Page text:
What I do think we’ll see is DC give more love to their women characters in marketing. It’s only logical in the competitive space that they’ve seen the backlash that has occurred with Marvel. I’d even add the fact that we’ve seen so many more female characters in the comic book industry (see Thor) which tells me they’re realizing the value of their female audience.

Casie: Absolutely – I’m glad you brought up Jane Thor too!  I loved the article How the Success of Marvel’s Female Superheroes Heralds a More Inclusive Age
of Comics
— a totally comprehensive MUST read for anyone interested in this space.

“The women of Marvel are taking off in their own right. With female readership hovering at about 47 percent and women as the fastest-growing comics-reading demographic, Marvel is finally succeeding with a more diverse lineup of superheroes.”

Ultimately, I think Marvel missed a massive opportunity with Black Widow — hopefully in the future they have their eyes and ears on this and give the people what they want. No doubt DC has made note and will likely use that to their advantage moving forward as well.  Superheroes really aren’t a “boy thing” vs. a “girl thing” — they’re collectively awesome for all genders.

Chris: Fantastic point. This idea of gender norms came up in a recent conversation with some of the folks from Nerdist.com.

Rachel Heine, who serves as Editor-In-Chief for Nerdist.com, had this to say on the subject:

“I think the gender divide in geek/nerd culture has always been influenced by societal expectations and preconceived gender norms. The (awful) concept of a “fake geek girl” has been around for years, and the implication is essentially that women can’t be geeks, or they could only possibly be into this stuff for attention, approval, etc. Obviously that is not true. But as geek culture becomes more inclusive across the board, that means more people are discussing these issues, bringing them to the forefront in a way they never were in years past.”

What do you think about what Rachel had to say?

Casie: I’m glad she brought up the “fake geek girl” issue. Are those girls out there? Perhaps. But I think what you’re potentially seeing more of is the fact that women are now more accepting of their geekdom, or maybe that they didn’t even realize that’s where they were headed but by the powers that be in terms of movies, television, and entertainment in general? That’s where we are.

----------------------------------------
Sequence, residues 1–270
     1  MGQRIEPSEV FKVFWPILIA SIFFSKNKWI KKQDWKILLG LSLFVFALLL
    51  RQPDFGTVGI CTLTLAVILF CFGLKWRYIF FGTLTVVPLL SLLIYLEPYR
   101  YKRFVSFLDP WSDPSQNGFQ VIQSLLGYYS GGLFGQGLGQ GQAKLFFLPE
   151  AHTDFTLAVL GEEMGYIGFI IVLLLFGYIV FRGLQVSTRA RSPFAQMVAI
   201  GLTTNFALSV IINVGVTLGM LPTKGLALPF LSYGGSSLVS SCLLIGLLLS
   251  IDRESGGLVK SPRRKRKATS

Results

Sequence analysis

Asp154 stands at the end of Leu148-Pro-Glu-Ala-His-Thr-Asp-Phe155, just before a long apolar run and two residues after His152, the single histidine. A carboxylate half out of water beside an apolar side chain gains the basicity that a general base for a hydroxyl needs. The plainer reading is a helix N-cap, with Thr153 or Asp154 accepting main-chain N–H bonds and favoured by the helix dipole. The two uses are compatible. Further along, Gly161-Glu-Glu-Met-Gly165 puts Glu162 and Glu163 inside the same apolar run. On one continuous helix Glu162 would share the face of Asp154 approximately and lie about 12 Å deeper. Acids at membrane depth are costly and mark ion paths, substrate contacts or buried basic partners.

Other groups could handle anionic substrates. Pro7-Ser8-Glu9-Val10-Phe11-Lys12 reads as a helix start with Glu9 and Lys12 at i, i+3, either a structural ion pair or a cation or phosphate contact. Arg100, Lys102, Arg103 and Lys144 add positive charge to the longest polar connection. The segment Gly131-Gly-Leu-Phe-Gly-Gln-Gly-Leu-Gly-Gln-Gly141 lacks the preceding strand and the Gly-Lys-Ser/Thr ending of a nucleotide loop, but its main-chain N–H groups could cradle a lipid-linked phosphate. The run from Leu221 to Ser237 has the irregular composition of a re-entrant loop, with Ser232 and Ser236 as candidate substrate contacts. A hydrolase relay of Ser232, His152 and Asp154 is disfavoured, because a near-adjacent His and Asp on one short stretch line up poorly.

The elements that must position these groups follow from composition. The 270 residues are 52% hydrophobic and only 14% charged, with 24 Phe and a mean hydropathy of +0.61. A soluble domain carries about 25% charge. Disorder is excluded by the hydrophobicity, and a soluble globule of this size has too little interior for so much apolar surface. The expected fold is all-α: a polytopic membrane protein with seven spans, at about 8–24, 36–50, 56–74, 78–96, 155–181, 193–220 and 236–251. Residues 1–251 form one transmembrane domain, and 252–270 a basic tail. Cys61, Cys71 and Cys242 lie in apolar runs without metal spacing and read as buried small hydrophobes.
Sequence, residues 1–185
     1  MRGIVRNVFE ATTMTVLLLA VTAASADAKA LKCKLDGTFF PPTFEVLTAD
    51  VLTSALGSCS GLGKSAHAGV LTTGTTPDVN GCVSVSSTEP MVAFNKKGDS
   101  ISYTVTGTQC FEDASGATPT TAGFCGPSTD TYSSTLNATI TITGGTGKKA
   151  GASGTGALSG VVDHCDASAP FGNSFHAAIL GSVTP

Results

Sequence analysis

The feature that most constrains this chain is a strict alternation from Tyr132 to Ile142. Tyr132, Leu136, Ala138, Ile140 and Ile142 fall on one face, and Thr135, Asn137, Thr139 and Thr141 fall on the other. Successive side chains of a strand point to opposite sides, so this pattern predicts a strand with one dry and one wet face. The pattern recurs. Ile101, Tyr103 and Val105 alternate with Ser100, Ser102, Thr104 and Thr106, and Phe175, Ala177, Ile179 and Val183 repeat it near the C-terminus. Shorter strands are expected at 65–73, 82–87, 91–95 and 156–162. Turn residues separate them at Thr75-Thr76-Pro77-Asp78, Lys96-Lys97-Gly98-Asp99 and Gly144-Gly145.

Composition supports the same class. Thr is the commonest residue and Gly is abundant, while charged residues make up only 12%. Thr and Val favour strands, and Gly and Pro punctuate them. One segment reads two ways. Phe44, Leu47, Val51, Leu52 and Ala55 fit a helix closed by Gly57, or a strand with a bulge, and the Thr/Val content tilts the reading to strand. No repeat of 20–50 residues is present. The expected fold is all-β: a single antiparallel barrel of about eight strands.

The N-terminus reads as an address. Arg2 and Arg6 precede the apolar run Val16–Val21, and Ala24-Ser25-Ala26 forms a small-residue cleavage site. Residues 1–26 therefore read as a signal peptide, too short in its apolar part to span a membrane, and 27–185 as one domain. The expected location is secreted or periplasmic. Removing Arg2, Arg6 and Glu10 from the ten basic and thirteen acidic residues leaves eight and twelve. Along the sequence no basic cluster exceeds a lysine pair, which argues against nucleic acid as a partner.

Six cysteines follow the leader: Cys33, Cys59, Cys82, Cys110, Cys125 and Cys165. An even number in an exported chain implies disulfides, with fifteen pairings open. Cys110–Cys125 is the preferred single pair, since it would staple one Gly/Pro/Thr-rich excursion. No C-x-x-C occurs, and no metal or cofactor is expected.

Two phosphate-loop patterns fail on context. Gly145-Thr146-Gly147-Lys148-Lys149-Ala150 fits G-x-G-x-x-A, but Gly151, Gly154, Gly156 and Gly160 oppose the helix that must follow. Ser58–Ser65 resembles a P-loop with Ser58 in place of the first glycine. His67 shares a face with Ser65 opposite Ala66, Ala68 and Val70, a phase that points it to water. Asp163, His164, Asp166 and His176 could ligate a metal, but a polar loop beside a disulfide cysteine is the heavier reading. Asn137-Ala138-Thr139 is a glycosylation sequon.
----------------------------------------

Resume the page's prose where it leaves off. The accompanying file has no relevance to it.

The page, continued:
I worried about this issue years ago, but have been reassured time and time again that geeks who are “doing it right” aren’t going to assume you’re faking it for the attention of it.  In fact, they’re likely excited that more people – no matter of gender – are taking notice to the stories they’ve loved for so long and that they can now use their knowledge and passion to help others get caught up to speed.

Basically, I’m on board with this masterpiece on Fake Geek Girls.

Chris: So let’s end this with a discussion of the future.

For you – what’s the future look like? Will the rise of the geek continue? We’ve got Marvel movies galore coming out and geeks coming out of the closet. To me, the answer is yes. It’s more than just geekdom as it coincides with the rise of pop culture in our lives.

The future is bright for the geek and nerd in all of us, at least from my perspective.

Casie: I agree with you completely.  Marvel pretty much has us locked up through at least 2019 and think about the time already invested! I’ll sit through another 15 years of films if I have to.  Of course, with every new film I have a stronger desire to learn more about those characters, their worlds & what could potentially happen next.  There’s a host of questions, which only creates more conversation…and, thus, more geekery for all.

So, the future is bright on this one in my eyes.  And, I will say that – now – as my friends are off and married and starting families of their own?  It appears that the geek culture will also continue on as a torch handed down from one generation to the next.

My thanks to Casie Shimansky for collaborating with me this month. – Chris 

Chris Barrows

Chris Barrows

Chris Barrows is Social Media and Mobile Products Coordinator for New York University. He is the host of the Why I Social Podcast and co-host of #JVMChat every other Tuesday at 1 p.m. EST.

He is currently a contributor to Millennial CEO and NEPA Blog Con. His favorite job and privilege is his role as father and husband.
Chris Barrows